The impact of technology
Technology changes have brought multiple benefits to the labourers by reducing hard physical labor, health and environmental hazards, trust and confidence of citizens and increasing work opportunities, income and comfort in work as mentioned in my previous blog.
The way forward
There remains huge scope for work with technologies for the informal labourers involved in street food vending in Dhaka City. There is scope for developing entrepreneurship and increasing work opportunities by supporting them with appropriate in the sector. Such support would help informal labourers to increase their income and reduce health and environmental hazards.No Comments » | Add your comment
Thousands of informal labourers are involved in various types of street food vending in Dhaka, one of the most populous city of the world and the capital of Bangladesh, home to 15 million people. Hundreds of people migrate to Dhaka each year in search of work, driven by the opportunity of work as well as disasters and poverty that force them to migrate. Most of these people find shelter in slums and start working in areas such as street food vending, rickshaw pulling or construction. Practical Action in partnership with WIEGO conducted a study entitled “Technology and the Future of Work” in five cities across Asia, Africa and Latin America in the energy, transport, urban waste and ICT sectors, where a large number of poor people are involved in informal labour.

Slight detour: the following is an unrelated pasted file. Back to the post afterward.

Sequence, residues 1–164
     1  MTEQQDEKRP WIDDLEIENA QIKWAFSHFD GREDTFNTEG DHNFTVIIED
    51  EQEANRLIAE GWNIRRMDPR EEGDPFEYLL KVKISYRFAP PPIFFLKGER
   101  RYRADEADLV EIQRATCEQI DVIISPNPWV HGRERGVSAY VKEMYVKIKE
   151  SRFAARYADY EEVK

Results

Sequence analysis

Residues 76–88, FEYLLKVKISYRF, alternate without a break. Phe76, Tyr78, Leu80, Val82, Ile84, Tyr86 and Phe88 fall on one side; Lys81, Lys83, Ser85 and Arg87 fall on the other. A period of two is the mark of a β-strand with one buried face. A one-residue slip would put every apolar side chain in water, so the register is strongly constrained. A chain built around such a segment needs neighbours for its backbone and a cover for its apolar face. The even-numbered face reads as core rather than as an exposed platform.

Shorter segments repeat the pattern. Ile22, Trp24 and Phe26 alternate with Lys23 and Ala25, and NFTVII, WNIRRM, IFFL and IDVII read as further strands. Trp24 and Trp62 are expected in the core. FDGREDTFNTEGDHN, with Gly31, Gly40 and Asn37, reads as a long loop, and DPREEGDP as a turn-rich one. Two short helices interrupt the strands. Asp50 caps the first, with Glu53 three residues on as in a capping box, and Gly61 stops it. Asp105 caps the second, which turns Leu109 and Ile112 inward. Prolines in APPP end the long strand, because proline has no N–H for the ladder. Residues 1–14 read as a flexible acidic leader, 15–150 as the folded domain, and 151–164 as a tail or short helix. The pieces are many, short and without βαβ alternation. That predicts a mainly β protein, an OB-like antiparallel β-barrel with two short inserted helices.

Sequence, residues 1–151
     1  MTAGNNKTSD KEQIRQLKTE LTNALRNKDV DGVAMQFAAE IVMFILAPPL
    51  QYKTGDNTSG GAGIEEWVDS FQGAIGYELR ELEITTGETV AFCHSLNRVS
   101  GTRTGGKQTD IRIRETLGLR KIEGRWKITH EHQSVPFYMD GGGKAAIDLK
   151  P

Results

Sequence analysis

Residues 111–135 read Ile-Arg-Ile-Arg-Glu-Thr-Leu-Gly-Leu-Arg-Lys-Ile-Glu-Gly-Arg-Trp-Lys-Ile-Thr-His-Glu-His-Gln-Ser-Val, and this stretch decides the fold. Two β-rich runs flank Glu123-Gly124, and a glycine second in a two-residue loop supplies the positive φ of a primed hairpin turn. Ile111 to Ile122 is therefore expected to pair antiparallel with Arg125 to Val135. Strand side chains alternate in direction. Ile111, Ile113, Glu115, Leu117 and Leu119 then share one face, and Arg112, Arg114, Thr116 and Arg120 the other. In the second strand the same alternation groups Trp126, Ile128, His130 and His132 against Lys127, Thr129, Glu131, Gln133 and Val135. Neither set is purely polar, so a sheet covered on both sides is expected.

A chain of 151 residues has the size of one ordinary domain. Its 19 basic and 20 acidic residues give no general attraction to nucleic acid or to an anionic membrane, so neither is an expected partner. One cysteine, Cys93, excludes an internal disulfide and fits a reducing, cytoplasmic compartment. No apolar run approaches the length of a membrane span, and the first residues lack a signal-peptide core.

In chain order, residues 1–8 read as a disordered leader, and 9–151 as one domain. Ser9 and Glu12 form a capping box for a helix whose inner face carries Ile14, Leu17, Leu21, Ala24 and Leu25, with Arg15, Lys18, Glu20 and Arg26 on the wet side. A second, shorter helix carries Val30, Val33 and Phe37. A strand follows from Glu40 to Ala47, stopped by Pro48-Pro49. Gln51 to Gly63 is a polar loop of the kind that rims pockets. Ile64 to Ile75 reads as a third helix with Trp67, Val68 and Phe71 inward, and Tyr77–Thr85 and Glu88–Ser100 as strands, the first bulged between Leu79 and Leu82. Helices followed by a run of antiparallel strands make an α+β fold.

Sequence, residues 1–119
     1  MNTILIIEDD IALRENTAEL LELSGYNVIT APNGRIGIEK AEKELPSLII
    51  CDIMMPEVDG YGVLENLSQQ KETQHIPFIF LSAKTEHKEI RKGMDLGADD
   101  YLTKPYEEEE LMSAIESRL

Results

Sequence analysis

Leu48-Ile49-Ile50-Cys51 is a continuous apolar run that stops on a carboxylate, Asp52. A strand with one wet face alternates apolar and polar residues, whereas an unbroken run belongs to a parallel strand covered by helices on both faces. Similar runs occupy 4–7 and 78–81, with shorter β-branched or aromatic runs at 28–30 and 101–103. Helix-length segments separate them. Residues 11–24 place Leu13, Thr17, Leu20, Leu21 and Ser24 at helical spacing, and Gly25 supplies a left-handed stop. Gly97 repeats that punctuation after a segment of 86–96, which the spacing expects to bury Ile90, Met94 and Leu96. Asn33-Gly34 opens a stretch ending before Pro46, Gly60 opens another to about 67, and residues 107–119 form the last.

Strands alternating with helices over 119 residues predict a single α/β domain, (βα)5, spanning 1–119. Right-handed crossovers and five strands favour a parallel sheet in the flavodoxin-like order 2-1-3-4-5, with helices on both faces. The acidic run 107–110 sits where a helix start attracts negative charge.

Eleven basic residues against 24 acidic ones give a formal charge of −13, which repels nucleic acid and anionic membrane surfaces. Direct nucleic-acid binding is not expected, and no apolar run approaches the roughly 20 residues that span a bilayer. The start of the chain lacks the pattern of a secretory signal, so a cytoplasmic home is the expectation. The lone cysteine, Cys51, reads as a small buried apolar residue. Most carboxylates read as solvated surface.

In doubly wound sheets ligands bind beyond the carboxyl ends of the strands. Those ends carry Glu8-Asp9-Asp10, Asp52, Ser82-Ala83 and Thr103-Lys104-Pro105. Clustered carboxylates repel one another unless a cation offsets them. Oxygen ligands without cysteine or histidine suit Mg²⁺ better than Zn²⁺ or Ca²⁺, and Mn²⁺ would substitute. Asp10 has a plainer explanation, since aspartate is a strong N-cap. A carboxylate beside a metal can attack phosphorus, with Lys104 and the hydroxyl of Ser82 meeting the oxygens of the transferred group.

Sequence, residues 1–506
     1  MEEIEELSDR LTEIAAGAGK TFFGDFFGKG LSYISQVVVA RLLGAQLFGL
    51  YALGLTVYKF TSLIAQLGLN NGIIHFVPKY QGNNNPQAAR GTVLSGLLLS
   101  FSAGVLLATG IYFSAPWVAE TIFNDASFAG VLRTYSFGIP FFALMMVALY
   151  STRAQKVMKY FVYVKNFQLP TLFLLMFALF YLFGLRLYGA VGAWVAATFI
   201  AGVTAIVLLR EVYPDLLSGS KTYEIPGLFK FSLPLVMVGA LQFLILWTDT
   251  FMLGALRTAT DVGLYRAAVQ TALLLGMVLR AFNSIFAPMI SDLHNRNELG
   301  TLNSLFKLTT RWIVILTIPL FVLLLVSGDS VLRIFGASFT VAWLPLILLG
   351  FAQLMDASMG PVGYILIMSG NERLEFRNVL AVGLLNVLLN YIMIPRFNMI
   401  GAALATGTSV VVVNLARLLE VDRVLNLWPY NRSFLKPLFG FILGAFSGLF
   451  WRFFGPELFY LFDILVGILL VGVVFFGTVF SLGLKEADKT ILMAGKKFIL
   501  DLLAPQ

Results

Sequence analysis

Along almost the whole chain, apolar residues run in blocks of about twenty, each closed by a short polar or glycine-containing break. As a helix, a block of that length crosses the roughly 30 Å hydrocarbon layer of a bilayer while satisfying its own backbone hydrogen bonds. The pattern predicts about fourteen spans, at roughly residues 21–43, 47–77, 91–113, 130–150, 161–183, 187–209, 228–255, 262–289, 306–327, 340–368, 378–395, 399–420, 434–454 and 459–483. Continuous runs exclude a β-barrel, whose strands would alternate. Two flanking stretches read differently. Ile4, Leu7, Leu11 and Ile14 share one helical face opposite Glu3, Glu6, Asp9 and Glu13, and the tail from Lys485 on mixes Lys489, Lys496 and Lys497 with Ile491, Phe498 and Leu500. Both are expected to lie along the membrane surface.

The study was conducted from the perspective of Technology Justice and looked at the use of technologies, technology disruptions, emerging technologies in these sectors and the impact on work and income opportunity, as well as how this may influence work opportunities for street food vendors in the future. Practical Action, Bangladesh carried out the study in Dhaka from April to June 2015 covering domestic waste transportation (from home to local dump station) and the street food vending sector, especially considering energy issues. Participants from two sectors – juice sellers and fuchka sellers attended the focus group discussions. They also shared experiences of other categories of street food vending such as singara/somocha, chop, pianjo, beguni; sweets; sarbat; cakes; popcorn; halim; etc. This article is based on the preliminary findings of that study.
Earlier, the earthenware stove was the dominant cooking method for street food vendors followed by the kerosene stove, modified kerosene stove, IPS battery and more recently, liquid petroleum gas (LPG) all of which are being used to make street food. The changes are shown sequentially below:
Changes have also occurred in the transportation used for street food vending. For example, the basket and push cart was dominant about twenty years ago, later the four wheel wooden cart was introduced and this was followed by the three wheel van, modified van and recently the truck/pick up van, as shown below:
The truck or pick up van is used by the more well off and companies such as Sajna, Yan Tun, etc. which the poor informal street food vendors usually cannot afford.
There were changes with regard to use of other equipment associated with street food vending, as shown in the following chart: